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At least one Minnesota hospital has brought in a refrigerator truck to help it extend its morgue capacity as COVID-19 continues to surge in Minnesota, which continues to overwhelm hospitals and health care workers. 

North Memorial Health Hospital in Robbinsdale spokesperson Jacquie Fiorillo told Bring Me The News the "current reality calls for this assistance," noting "Our health systems have been operating at capacity for many weeks."

Minnesota has been under the tight grip of the delta variant for months, with the state reporting thousands of cases almost every day since early August, resulting in more than 1,500 patients with COVID-19 currently hospitalized, including 366 in intensive care. Very few staffed ICU beds, for both adults and children, are available statewide. 

"We encourage Minnesotans to take preventative measures to slow the spread of COVID-19 including the new omicron variant. This includes reducing social gatherings, wearing a mask in all public places and vaccination including a booster dose," Fiorillo told Bring Me The News. 

Bring Me The News has reached out to other health care systems to see if they're taking a similar approach as North Memorial. 

Related: COVID cases, hospitalizations, and deaths in Minnesota dominated by unvaccinated

Health care workers are hoping to get the message to Minnesotans about how dire the situation is. Earlier this month, Minnesota health care systems took out a full-page ad in local newspapers to stress the severity of the current COVID-19 situation in Minnesota. This week, hospitals in the Northland released a PSA urging people to get vaccinated as health care workers continue to be exhausted and overwhelmed by the pandemic. 

And on Monday, nurses with the Minnesota Nurses Association (MNA) held a news conference to talk about the crisis local hospitals continue to face.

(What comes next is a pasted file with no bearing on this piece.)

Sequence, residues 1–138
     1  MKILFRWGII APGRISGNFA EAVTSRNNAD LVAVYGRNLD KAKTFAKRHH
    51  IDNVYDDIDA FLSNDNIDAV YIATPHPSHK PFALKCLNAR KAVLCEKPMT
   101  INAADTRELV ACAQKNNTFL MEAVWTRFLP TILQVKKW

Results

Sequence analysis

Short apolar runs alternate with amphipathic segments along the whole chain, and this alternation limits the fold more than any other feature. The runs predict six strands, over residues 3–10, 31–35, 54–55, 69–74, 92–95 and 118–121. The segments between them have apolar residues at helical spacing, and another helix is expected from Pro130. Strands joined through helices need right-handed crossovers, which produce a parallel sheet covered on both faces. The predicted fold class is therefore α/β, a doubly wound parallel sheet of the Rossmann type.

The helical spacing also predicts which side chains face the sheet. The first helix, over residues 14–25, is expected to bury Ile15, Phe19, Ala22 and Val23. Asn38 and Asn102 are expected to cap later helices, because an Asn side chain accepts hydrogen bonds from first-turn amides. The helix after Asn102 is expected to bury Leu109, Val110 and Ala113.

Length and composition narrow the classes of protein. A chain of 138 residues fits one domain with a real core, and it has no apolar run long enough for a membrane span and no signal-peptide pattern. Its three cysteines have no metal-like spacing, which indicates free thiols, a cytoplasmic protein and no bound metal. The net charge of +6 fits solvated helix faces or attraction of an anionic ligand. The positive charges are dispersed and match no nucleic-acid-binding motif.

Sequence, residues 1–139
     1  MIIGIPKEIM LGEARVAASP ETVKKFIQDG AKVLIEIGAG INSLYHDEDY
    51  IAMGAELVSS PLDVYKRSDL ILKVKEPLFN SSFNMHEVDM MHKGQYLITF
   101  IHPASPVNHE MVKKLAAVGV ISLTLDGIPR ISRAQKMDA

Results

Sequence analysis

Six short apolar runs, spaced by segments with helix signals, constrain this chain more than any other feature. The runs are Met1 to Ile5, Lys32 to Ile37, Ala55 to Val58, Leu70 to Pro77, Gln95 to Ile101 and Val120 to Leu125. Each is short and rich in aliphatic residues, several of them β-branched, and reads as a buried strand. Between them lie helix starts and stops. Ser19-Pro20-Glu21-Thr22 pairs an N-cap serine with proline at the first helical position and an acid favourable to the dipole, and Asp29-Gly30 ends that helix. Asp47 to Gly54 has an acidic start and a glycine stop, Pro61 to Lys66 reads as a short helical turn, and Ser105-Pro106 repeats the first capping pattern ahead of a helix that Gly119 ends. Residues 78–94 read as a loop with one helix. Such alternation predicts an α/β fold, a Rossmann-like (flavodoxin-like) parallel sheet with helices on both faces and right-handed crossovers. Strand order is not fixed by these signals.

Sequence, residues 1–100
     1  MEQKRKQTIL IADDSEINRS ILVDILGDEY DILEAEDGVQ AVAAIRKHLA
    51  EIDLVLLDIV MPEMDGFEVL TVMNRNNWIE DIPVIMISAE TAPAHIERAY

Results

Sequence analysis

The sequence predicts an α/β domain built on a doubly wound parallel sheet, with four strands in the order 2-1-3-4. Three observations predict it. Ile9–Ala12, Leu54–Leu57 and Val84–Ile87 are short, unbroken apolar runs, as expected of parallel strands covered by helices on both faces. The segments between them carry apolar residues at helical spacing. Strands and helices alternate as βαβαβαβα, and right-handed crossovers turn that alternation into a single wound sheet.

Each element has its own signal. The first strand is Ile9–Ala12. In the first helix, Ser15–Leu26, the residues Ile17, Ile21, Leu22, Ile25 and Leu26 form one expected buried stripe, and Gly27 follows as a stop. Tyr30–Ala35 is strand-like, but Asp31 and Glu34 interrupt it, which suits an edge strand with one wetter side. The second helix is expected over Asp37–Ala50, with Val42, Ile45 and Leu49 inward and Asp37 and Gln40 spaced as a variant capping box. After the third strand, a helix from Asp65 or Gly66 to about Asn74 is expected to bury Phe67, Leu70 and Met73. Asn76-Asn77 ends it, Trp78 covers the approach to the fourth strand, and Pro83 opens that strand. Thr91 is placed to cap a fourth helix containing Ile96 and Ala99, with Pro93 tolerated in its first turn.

"The COVID-19 pandemic is worse than ever," said MNA President Mary Turner, who is an ICU nurse at North Memorial. "ICU beds are full and patients are back in the hallways and waiting rooms. This isn't just happening in the Twin Cities, it's everywhere in Minnesota."

Turner said the message is "urgent." 

"We need the public, hospital executives and elected officials to hear us when we say nurses are at a breaking point," Turner said. "I know about a year and a half ago we were in this same room and I likened what we were going into was a war and that we were soldiers going into battle. And I'm telling you, we're losing the war. We're losing the war."

Related: Minnesota's hospital crisis worsens, hundreds waiting in emergency rooms

The burnout nurses and other health care workers are facing is nothing new. Kelly Anaas, an ICU nurse at Abbott Northwester, said hospitals have been understaffed "long before" the pandemic began and health systems leaders "burned out a lot of staff before the first coronavirus case hit our doorstep in Minnesota."

"We can't keep showing up like this when they aren't showing up for us," Anaas said of hospital executives. 

Anaas added: "Believe me when I tell you we are languishing in there. We're told to take care of ourselves and then have our vacation days denied due to lack of staff."

The MNA is calling on politicians and hospital executives to take action to support health care workers, and is asking the public to continue to take measures to prevent the spread of COVID-19 to help ease the burden on hospitals.

Related: Health officials encourage getting vaccinated and tested before the holidays

Public health officials across the state have the same message, especially with the holidays upon us: 

"Get the vaccine and the booster for god sake. Wear your mask and practice social distance, and get tested when you need to," Turner said.

The state has taken some action to help health care workers. Federal medical teams have been sent to Minnesota to help support hospital workers at the request of Gov. Tim Walz, with the support at Hennepin County Medical Center, St. Cloud Hospital and M Health Fairview Southdale Hospital. 

And Walz has called in the National Guard and launched a recruiting effort to assist at long-term care facilities, which also are facing staffing shortages and burnout. 

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